Just wondering what you’re thoughts were on snow foaming. I am about to embark on the detailing adventure and it would seem to be the " in thing " at the moment.
Many thanks.

Just wondering what you’re thoughts were on snow foaming. I am about to embark on the detailing adventure and it would seem to be the " in thing " at the moment.
Many thanks.

Eddi

Eddi

Nice job – AvalonKing

Nice job – AvalonKing

Tim C

Tim C

Hi Emily,
Any paint correction (removing scratches through polishing) should be done after claying.

Tim

Hi Emily,
Any paint correction (removing scratches through polishing) should be done after claying.

Tim

Emily Trestrail

Emily Trestrail

Hi Eric. Great article!

In the past I’ve owned a slew of cheap, beat up cars which I’ve never cared for cosmetically. I’ve just purchased a 2009 Subaru Outback, that has it’s fair share of cosmetic wear and tear, although the majority of the paintwork still seems to be in good condition. I have followed your steps to washing the car, and have just started the clay bar step. I’ve completed one door so far. The paint is coming up silky smooth, although, there are a number of scratches I’d like to try to remove, and I’m not sure at which step I should attempt this? Before claying? Or after claying?

Hi Eric. Great article!

In the past I’ve owned a slew of cheap, beat up cars which I’ve never cared for cosmetically. I’ve just purchased a 2009 Subaru Outback, that has it’s fair share of cosmetic wear and tear, although the majority of the paintwork still seems to be in good condition. I have followed your steps to washing the car, and have just started the clay bar step. I’ve completed one door so far. The paint is coming up silky smooth, although, there are a number of scratches I’d like to try to remove, and I’m not sure at which step I should attempt this? Before claying? Or after claying?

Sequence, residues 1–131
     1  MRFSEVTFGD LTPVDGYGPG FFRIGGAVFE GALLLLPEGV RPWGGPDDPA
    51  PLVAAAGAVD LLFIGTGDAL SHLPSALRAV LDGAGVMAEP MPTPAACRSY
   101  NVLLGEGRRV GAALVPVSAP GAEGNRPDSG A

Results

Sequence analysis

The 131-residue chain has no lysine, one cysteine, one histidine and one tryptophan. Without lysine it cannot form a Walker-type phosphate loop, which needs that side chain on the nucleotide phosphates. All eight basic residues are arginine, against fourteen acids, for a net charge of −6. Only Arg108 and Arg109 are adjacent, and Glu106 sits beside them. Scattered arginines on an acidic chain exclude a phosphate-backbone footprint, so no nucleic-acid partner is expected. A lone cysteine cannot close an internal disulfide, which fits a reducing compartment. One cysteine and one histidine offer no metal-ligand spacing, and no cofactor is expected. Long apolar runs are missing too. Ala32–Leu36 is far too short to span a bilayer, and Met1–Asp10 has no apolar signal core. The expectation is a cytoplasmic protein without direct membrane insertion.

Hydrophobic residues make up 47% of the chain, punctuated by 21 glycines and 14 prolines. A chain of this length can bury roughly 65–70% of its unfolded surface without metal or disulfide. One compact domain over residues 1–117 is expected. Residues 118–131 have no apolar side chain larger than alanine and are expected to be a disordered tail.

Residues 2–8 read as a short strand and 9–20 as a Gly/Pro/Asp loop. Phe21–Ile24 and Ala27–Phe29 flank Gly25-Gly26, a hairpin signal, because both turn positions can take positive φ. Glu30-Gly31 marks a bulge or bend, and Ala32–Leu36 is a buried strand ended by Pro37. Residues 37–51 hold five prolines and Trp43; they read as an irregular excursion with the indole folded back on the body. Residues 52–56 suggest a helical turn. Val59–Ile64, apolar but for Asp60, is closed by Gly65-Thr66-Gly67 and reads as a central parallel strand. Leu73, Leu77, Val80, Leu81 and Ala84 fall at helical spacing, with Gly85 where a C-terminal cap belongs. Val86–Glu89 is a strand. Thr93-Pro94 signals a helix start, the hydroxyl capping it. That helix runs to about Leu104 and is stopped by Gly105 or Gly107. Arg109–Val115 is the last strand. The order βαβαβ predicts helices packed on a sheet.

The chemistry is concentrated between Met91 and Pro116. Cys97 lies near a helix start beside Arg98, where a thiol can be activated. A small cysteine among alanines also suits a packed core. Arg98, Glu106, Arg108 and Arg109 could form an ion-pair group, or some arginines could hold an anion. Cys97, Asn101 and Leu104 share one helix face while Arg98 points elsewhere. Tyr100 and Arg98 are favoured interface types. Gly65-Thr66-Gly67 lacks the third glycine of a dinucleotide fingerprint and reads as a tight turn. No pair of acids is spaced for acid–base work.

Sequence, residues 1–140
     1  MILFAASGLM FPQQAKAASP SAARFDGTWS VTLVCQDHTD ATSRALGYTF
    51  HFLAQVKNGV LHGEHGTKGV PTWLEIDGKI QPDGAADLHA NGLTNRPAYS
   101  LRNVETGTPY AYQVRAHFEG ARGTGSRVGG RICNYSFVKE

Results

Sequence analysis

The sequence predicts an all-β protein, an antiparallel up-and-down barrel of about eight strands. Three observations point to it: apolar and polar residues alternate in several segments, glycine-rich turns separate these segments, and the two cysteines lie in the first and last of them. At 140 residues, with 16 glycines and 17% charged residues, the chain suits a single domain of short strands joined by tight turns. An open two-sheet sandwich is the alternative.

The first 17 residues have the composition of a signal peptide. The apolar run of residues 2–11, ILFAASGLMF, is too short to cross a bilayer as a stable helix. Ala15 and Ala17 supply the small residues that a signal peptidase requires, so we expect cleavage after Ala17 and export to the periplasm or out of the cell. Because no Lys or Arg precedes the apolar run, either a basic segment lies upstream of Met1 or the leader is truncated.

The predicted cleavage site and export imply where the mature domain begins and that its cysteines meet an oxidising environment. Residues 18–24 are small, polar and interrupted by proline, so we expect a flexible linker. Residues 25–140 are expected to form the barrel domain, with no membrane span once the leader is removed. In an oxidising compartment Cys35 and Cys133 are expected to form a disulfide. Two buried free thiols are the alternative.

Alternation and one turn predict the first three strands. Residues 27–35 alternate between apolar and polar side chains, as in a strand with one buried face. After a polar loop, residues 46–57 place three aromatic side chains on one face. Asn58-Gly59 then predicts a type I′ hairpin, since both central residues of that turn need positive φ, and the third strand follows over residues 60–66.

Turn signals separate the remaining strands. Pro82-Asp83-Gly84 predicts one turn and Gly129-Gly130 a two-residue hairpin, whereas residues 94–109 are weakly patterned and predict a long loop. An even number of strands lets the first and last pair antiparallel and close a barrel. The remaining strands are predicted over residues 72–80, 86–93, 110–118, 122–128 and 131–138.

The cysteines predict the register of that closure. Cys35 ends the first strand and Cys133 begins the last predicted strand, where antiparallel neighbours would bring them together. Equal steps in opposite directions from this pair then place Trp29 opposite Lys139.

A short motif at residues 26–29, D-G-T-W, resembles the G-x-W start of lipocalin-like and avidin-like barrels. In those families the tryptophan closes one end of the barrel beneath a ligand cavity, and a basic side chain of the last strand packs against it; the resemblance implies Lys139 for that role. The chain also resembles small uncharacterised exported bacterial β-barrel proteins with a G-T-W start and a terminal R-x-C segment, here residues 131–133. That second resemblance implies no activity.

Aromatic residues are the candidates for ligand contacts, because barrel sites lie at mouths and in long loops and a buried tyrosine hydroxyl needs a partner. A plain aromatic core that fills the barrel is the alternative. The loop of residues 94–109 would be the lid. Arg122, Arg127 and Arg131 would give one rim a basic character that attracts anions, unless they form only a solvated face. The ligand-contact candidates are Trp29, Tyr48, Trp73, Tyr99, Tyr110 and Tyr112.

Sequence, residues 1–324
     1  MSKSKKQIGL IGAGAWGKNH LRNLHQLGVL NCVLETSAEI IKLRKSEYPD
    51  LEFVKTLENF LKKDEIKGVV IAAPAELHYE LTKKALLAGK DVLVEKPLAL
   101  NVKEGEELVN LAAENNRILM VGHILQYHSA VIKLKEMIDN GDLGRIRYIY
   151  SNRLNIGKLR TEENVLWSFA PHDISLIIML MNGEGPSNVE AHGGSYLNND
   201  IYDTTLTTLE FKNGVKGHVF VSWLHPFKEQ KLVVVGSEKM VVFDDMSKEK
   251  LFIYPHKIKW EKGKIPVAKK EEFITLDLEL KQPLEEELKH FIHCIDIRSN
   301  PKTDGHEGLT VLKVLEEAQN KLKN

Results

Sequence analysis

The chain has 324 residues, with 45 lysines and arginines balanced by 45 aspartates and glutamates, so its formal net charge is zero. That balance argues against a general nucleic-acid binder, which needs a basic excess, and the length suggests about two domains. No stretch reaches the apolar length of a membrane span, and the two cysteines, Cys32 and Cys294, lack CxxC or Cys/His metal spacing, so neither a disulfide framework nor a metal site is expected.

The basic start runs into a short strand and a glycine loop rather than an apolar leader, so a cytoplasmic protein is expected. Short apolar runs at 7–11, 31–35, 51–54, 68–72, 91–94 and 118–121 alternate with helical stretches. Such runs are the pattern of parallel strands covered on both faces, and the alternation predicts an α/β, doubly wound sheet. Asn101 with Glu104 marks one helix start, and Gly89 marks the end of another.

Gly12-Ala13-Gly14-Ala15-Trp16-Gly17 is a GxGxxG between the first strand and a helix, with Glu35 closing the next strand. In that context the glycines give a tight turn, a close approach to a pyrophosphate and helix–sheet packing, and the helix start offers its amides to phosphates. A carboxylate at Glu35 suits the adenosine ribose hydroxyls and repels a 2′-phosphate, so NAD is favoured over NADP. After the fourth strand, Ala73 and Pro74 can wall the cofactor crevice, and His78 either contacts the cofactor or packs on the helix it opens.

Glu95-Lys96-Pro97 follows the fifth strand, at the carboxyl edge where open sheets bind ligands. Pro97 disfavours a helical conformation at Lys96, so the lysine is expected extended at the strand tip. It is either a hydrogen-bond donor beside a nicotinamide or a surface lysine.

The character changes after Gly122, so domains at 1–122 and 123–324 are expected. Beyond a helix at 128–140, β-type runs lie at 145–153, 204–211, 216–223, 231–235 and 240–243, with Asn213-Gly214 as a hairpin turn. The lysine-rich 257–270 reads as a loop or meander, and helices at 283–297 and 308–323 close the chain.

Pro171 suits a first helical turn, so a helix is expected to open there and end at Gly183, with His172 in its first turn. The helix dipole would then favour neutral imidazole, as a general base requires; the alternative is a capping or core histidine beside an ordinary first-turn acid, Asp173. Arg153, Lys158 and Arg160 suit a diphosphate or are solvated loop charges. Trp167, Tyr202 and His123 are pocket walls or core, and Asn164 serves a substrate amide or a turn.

Vivian Black

Vivian Black

I love that you mentioned cleaning the interior by using a vacuum or removing contaminants. My husband and I are looking for an auto detailing service that can help with my husband’s Mercedes since it hasn’t been clean in forever. We will keep these tips in mind as we search for a professional that can help us best.

I love that you mentioned cleaning the interior by using a vacuum or removing contaminants. My husband and I are looking for an auto detailing service that can help with my husband’s Mercedes since it hasn’t been clean in forever. We will keep these tips in mind as we search for a professional that can help us best.

Greensboro detailer

Greensboro detailer

We have recently started our car detailing service business and came across this article.

Really appreciate you taking the time to educate us on this I would have never thought of using Armor Shield IX but I definitely will now.

Car detailing is definitely not an interesting topic to speak on but you did an excellent job keeping it entertaining and not boring thanks a ton for the info.

We have recently started our car detailing service business and came across this article.

Really appreciate you taking the time to educate us on this I would have never thought of using Armor Shield IX but I definitely will now.

Car detailing is definitely not an interesting topic to speak on but you did an excellent job keeping it entertaining and not boring thanks a ton for the info.

Mike

Mike

Hmmm. The two bucket method. Ditch the rinse bucket. Yes all the solids might stay at the bottom of the bucket but your still getting all the other contaminants that all floating around in the bucket. Instead of using a rinse bucket rinse your wash mit with your water supply every time then after rinsing put back in your soap bucket. Just a little tip. I have been doing it for years where i specialise in black vechiles.

Hmmm. The two bucket method. Ditch the rinse bucket. Yes all the solids might stay at the bottom of the bucket but your still getting all the other contaminants that all floating around in the bucket. Instead of using a rinse bucket rinse your wash mit with your water supply every time then after rinsing put back in your soap bucket. Just a little tip. I have been doing it for years where i specialise in black vechiles.

Eric Williams

Eric Williams

That is a fair point Gerald. If it comes to safety reasons, then yes, the car should be washed with that in mind more often. On the exposed metal, we are talking about a different kind of problem that should be resolved prior in any case.